Tuesday, May 21, 2019


Margaret Sullivan, the former public editor of The New York Times who's now a media analyst at The Washington Post, wrote this last week:
Trump won’t stop coining nasty nicknames for his foes — but the media must stop amplifying them.

... Journalists may not be able to ignore these nicknames altogether, but they should stop doing Trump’s dirty work for him: amplifying their power through prominent placement and frequent, unquestioning repetition.

... Cover them as part of a story? Examine and analyze them? Sure.

But don’t constantly repeat them, don’t treat them as “all in good fun.”

And don’t give them prominence without context.
Sullivan's criticism is limited to the media's coverage of Trump's schoolyard-bully nicknames. But what about his other forms of trash talk? Shouldn't the press think twice about amplifying those?

And while Sullivan believes it's fine to cover Trump's nicknames if your aim is to "analyze them," what if you're "analyzing" Trump's insult comedy and the conclusion you reach is "Trump is really awesome at this"? That's what happened yesterday in the Post, in a piece by Ashley Parker and Robert Costa:
The narrator in chief: Trump opines on the 2020 Democrats — and so much more

President Trump assessed the 2020 Democratic primary field in the unvarnished style of a cable news pundit — or as a brash sports radio host belittling the opposing team’s roster.

He dismissed former Texas congressman Beto O’Rourke as “made to fall like a rock,” asking: “What the hell happened?”

He reduced Sen. Elizabeth Warren (D-Mass.) to an offensive nickname and a single sentence: “Pocahontas, I think, is probably out.”

And he opined on the relative merits of former vice president Joe Biden and Sen. Bernie Sanders (I-Vt.): “Bernie’s crazy, but Bernie’s got a lot more energy than Biden, so you never know.”

... Trump’s handicapping of the Democratic presidential race is one part of his much broader role as the country’s de facto narrator in chief — inserting himself into nearly every major cultural moment or controversy, and putting his own commentary and jeers at the center of the conversation.

... Trump’s desire to capture the nation’s collective attention can make him seem inescapable — a cascade of alerts on a phone, the all-caps headline on cable news, and the unavoidable presence at work and family gatherings alike. Voters may love him, they may hate him, they may even mute him — but he never disappears.

... Nonstop, bite-size news cycles, along with social media platforms like Twitter, allow Trump to dominate the nation’s discourse in a way that his predecessors could not.
And at Sullivan's old paper, there was Peter Baker, writing this:
... President Trump has grown increasingly willing in recent months to say in public what most of his predecessors tried to keep behind closed doors.

His is the profanity presidency, full of four-letter denunciations of his enemies and earthy dismissals of allegations lodged against him. At rallies and in interviews, on Twitter and in formal speeches, he relishes the bad-boy language of a shock jock, just one more way of gleefully provoking the political establishment bothered by his norm-shattering ways.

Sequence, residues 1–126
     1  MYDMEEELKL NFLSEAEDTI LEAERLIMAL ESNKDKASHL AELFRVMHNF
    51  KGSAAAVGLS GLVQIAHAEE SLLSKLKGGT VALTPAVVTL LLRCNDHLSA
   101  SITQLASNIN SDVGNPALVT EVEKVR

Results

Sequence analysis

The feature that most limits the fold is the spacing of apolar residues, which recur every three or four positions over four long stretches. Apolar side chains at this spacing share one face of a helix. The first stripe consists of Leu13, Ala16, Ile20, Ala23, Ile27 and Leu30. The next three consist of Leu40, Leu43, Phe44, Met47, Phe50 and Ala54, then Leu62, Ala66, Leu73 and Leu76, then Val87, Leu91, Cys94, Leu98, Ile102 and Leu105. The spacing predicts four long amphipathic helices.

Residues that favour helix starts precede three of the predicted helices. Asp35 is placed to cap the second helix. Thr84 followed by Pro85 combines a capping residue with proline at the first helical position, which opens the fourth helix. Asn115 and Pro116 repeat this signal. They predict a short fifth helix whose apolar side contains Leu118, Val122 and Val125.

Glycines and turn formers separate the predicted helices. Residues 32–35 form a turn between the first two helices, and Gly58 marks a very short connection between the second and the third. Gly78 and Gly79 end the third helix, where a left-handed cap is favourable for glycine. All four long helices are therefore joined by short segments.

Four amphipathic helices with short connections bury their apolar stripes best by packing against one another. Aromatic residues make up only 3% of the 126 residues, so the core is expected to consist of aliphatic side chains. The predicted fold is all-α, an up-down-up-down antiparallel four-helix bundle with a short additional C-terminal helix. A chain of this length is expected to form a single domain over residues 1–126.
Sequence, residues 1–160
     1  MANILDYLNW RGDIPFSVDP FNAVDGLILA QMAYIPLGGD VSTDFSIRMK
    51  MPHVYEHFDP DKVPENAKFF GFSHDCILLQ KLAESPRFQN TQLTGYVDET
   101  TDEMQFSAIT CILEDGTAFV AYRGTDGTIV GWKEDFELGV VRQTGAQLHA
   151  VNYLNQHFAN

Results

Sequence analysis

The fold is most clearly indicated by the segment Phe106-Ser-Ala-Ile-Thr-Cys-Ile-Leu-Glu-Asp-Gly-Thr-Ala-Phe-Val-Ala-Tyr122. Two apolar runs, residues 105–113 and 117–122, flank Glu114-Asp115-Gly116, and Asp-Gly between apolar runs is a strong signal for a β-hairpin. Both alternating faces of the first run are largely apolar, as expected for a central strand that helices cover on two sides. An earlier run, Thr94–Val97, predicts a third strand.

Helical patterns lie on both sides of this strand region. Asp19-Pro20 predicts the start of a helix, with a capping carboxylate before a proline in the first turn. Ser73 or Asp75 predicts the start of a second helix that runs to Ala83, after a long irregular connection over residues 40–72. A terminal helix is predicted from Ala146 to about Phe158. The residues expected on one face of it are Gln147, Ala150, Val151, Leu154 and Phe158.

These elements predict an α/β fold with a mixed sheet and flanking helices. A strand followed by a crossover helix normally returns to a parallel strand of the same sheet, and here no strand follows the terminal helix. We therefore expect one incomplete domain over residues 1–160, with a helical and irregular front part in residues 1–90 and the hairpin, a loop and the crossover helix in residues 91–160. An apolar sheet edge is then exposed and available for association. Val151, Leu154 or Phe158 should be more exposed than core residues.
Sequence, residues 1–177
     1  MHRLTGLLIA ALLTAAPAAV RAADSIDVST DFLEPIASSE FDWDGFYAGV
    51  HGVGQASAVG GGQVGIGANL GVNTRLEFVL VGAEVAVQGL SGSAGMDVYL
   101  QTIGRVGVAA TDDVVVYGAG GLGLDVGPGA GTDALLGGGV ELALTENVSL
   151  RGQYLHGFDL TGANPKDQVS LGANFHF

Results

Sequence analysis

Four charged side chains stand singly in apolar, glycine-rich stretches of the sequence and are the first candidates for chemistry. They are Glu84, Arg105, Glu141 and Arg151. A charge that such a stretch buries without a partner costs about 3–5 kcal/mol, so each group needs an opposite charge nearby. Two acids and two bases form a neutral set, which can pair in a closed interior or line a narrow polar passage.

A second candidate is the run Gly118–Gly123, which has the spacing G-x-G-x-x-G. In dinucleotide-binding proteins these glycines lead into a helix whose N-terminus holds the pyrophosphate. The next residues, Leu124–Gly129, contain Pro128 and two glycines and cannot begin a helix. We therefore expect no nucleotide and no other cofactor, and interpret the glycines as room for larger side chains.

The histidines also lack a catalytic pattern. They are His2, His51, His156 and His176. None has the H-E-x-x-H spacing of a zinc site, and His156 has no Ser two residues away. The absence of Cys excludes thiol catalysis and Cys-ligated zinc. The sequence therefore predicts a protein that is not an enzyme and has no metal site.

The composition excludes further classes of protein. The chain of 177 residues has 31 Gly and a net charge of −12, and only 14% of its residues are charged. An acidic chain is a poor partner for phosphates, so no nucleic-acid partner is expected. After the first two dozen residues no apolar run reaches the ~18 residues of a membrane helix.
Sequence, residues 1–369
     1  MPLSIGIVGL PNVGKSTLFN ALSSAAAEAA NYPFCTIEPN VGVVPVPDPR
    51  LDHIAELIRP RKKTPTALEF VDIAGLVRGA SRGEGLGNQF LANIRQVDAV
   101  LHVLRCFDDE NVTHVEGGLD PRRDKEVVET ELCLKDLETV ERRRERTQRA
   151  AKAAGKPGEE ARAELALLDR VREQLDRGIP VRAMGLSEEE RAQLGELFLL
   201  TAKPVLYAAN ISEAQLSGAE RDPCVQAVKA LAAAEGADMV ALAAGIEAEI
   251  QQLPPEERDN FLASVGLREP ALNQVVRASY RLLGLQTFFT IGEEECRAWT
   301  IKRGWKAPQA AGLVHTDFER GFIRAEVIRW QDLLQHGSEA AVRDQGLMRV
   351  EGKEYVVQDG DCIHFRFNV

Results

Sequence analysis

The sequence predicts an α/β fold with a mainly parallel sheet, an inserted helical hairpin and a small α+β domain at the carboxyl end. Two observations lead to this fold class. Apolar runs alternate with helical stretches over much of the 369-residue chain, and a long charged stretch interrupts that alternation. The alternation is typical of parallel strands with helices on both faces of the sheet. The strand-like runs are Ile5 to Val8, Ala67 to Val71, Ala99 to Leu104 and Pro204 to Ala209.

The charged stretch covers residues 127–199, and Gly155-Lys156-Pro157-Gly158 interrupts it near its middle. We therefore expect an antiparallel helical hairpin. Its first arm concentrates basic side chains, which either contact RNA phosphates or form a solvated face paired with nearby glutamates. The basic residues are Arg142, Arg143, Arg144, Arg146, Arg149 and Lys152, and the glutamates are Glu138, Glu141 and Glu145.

This story, from Glenn Thrush of the Times, at least puts Trump's trash talk in the context of a partywide campaign of ostracism:
President Trump attacked Representative Justin Amash as a “total lightweight” and “loser” on Sunday, a day after the Michigan Republican said Mr. Trump’s behavior as president had reached the “threshold for impeachment.”

The president’s attacks reinforced Mr. Amash’s isolation within his party, as even the Republican lawmakers who might be most sympathetic to his position avoided stepping forward to join him....

“Never a fan of @justinamash, a total lightweight who opposes me and some of our great Republican ideas and policies just for the sake of getting his name out there through controversy,” Mr. Trump wrote in a midmorning Twitter riff that included, among other things, criticism of the “Fake News Sunday Political Shows” and boasts about his judicial appointments and health care policies.

“Justin is a loser who sadly plays right into our opponents hands!” he added.
We're told about a primary challenge to Amash and a statement of denunciation from Ronna Romney McDaniel, head of the Republican National Committee. We're also told that Ronna's uncle Mitt has distanced himself from Amash's talk of impeachment, and that no other congressional Republican has endorsed Amash's comments.

But in that case, why is the headline "Trump Calls Representative Justin Amash a ‘Loser’ Over Impeachment Talk"? Amash is being shunned by most of the Republican Party -- but the press regards Trump's insults as uniquely powerful, so they're the focus.

Sullivan wrote about media coverage of Trump's nicknames. Unfortunately, the problem is much bigger than that -- and it's not getting better.

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